“But it is now.” A satisfied grin. “That’s the point, and it will be as long as the article remains in existence. Somewhere, even as we speak, it is being read and rewritten. The problem is, however, that with every rewrite, it loses a little something. That’s why we’re here today.”

“Burn it,” I say, “and your problems are over.”

“Even if we could track down every copy — and let me assure you that there are many, and more are found each day — that would still leave us with the problem of you.”

“There’s nothing left of me,” I say. “A small thing would end my life. An injection. A well swung iron bar.”

“But enemies are difficult to cultivate, in any meaningful way,” she says, changing track. “You say so, yourself, in your paper. And you’re correct, of course. Genuine, functional enemies are difficult and expensive. But having a serviceable enemy on your side can pay very high dividends.”

Enemies on your side. She gets it. Clever woman.

“So you’ve read it,” I say.

“Allies are much easier,” she carries on. “The human world naturally divides itself down the centre. Despite the reality that cooperation leads to better outcomes.”

She’s paraphrasing chapter two.

“Interesting,” I say.

“When did you last have an egg, Professor?”

This is unexpected, a bit bewildering.

“At least fifteen years ago,” I say. “If I recall correctly, which I’m not sure I do. Just after the supply chain was redirected into the wars. Around the time the Charter of Rights and Freedoms was suspended.”

“A cup of coffee?”

“About the same time.”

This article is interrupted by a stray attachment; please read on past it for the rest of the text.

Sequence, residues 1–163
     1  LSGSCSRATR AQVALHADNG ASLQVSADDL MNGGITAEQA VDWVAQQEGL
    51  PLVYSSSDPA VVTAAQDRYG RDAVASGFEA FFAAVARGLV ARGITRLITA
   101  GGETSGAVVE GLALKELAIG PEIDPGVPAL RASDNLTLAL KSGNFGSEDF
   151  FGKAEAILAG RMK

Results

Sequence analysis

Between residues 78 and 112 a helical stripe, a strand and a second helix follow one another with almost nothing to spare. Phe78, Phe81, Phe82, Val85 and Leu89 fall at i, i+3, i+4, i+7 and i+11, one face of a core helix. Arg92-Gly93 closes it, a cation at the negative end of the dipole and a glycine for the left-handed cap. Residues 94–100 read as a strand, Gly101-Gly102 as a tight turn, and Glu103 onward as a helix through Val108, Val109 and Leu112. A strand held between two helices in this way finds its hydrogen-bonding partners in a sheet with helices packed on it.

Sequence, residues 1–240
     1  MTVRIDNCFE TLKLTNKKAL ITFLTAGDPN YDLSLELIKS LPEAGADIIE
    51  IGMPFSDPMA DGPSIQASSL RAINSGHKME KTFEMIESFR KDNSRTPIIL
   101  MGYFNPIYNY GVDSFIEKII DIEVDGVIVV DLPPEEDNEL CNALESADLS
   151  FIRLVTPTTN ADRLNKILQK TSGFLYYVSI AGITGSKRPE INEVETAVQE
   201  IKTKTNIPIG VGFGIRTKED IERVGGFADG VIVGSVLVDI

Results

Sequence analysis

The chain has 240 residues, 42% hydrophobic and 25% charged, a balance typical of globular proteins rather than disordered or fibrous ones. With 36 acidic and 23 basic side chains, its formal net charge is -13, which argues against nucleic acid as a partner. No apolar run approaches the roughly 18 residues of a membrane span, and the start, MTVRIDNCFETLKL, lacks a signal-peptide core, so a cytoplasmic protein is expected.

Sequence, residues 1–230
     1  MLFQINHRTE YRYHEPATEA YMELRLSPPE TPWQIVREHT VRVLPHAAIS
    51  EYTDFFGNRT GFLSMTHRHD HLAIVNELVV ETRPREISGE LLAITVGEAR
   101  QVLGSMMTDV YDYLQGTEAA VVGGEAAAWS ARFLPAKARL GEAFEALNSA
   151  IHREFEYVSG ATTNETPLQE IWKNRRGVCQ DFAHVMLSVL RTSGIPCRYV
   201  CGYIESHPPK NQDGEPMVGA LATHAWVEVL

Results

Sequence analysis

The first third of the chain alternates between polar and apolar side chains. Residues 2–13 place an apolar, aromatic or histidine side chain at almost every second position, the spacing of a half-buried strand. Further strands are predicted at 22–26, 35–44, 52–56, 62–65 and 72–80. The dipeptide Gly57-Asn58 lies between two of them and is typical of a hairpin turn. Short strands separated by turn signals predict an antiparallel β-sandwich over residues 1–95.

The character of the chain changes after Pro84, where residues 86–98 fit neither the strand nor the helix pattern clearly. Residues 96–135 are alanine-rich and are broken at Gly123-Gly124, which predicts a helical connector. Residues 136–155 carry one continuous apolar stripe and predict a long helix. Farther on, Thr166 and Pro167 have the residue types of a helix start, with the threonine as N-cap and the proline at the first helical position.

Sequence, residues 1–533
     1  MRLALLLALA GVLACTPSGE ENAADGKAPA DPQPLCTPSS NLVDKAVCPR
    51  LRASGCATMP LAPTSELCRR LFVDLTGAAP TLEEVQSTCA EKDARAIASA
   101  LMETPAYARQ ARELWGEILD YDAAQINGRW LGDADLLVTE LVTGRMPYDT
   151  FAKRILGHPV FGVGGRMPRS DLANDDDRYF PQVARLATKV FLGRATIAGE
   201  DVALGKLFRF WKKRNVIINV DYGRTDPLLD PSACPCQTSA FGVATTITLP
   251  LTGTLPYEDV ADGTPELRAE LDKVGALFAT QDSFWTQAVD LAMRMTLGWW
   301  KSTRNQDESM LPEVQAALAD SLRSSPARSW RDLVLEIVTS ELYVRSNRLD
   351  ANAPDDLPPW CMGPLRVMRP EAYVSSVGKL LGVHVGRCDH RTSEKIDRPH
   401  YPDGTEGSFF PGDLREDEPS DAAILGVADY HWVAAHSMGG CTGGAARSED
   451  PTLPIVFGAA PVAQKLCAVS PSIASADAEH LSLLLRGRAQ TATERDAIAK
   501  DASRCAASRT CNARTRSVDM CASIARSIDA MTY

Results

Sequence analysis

“I have them every day,” she says. “And more.”

“How nice for you.”

“You could, too.”

I’m silent.

“You’re old, Professor,” she says. “How long do you have left, hmm? Come over to us. Join our small army of primary Villains. The world awaits you.”

“Are you serious?”

“You’ll write more of this sort of thing.” She holds up my paper. “We’ll distribute it, and punish your readers. Just imagine all of the lovely unrest, and the outrage you’ll cause. The very fuel necessary to run a formless government, indefinitely. You’ll have value again. Your photograph will deface every lamppost in every city of the country, the world.”

“Lunacy.”

“You can live in comfort. Receive medical treatment. Sleep on a proper bed, without pain. In a home with heat and hot water. You’ll live longer for all of that. Think of it.”

“So, you’re bribing me,” I say. Strangely, I suddenly see orchids. The colours. I raised them once, my God. Now I remember. The joy!

“Of course we’re bribing you.”

“Then we agree?” I say. “The moon is not a lie. I don’t believe it, and neither do you.”

“Naturally, it’s an absurd idea. How we ever convinced the people it was, remains a wonderful enigma.”

“And the endless war, it’s only an empty room.”

“Yes, it is.”

My belly tightens. There’s a wicked hope in my gut.

“May I have orchids?” I say.

“Absolutely.”